Newly Installed Air Monitoring Network

Erin Shannon, Editor

With all of the recent political discourse surrounding climate change and the environment, it is no surprise that the construction of a gas power plant was met with concern from local citizens, including the Kent School.

Hailing back to the town’s early days, Kent’s air quality was not always up to the standard it is today. In the former industrial town, an operating an iron furnace brought side effects, including lots of deforestation and poor air quality. Kent School was founded after the land recovered from such damage.

The recent announcement of a natural gas power plant in New York sparked concern in our town. With winds, there is a chance that emissions would remain in Kent. Since the plant only had to be approved in the state of New York and the EPA, any towns in Connecticut that could potentially feel the effects had no say.

Effects that could hypothetically occur include leaks that contribute to ever-climbing quantities of hydrocarbons, methane, and carbon dioxide emissions, not to mention potentially worse air quality in surrounding areas.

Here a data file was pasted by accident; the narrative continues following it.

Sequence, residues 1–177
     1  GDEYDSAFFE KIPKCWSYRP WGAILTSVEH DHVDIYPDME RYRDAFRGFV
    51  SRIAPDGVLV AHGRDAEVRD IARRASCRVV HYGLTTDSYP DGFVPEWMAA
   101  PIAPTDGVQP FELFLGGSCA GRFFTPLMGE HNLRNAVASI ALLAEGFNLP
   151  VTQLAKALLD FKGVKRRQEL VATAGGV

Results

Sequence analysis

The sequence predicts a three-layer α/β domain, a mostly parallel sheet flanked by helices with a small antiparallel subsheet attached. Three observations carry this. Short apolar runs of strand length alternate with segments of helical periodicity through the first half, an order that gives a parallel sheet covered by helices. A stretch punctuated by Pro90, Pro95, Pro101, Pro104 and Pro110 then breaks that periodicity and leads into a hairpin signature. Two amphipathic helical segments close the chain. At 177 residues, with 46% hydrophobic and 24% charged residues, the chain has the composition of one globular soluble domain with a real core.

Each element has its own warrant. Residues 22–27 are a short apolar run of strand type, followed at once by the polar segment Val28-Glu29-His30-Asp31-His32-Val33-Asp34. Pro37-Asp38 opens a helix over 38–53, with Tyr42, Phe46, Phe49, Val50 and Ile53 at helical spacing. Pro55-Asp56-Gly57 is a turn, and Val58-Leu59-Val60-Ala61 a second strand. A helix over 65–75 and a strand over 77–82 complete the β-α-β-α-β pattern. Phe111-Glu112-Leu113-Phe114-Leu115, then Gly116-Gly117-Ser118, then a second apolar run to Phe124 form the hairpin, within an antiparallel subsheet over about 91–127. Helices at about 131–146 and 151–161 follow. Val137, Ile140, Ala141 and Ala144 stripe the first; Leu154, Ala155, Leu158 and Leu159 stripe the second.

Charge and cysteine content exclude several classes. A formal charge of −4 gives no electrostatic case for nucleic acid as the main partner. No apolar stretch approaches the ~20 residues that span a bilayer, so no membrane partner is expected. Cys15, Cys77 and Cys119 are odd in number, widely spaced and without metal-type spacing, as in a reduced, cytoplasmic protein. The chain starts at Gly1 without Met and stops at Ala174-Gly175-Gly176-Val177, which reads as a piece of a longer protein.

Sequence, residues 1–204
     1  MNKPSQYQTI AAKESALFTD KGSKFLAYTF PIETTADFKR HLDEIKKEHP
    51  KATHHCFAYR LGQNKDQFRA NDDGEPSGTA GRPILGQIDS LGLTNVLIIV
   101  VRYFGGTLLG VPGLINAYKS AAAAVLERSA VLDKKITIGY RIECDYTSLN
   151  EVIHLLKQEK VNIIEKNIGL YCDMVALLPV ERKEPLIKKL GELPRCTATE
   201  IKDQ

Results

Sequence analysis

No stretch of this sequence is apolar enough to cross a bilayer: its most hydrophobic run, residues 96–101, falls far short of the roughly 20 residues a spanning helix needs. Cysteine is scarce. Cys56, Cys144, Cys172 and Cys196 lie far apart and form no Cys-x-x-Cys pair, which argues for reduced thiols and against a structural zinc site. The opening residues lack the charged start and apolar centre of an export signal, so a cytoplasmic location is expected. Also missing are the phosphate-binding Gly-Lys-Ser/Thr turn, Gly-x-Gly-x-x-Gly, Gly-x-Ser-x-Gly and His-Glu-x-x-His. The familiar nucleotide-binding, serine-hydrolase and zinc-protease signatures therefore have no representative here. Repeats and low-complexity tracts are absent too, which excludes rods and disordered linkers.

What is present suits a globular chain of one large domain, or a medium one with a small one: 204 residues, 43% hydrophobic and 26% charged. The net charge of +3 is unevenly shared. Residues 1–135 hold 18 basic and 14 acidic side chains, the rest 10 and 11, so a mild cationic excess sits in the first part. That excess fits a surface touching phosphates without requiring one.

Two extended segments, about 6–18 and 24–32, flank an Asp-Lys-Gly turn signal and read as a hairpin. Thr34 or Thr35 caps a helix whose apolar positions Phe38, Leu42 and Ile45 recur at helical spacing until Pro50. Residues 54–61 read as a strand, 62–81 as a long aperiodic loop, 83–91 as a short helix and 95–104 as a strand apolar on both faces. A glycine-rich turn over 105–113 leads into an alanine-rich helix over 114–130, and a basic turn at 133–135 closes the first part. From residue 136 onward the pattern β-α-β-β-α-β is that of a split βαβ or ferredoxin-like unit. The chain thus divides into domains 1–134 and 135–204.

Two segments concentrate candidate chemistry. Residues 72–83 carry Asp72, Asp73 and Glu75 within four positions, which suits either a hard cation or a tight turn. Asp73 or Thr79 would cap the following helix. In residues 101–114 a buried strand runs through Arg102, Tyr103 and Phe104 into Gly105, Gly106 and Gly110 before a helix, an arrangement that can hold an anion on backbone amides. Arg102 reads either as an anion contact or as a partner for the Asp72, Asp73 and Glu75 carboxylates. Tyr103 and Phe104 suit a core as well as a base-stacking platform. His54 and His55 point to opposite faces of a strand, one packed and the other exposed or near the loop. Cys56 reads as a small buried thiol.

As a response, an air monitoring network was built at the Kent School. Michael Benjamin, a former Kent employee and an active environmental activist, helped reach out to a company called AirQuail to install the machine. Father Schell agreed to help finance the machine, and other groups such as the Kent Land Trust also contributed to its establishment.

If the plant functions as it promises, there should be no severe implications for those living in the surrounding area. The network will act as a safeguard to make sure the plant is not causing unplanned consequences.

Mr. Klingebiel, the Chair of the Science Department, spoke of the reasoning behind the network. He explains, “New York state said it was okay, but Connecticut doesn’t have any input. When in reality, with westerly winds, all the air, all the emissions, they’re not going to be in New York for five minutes before they’re in Connecticut.”

In addition to this technology monitoring the plant’s impact, Mr. Klingebiel also spoke of his plans to use the actual data in his AP Environmental Science classes. Hopefully, the network will prove the air quality won’t suffer, and the data can be an educational opportunity for students.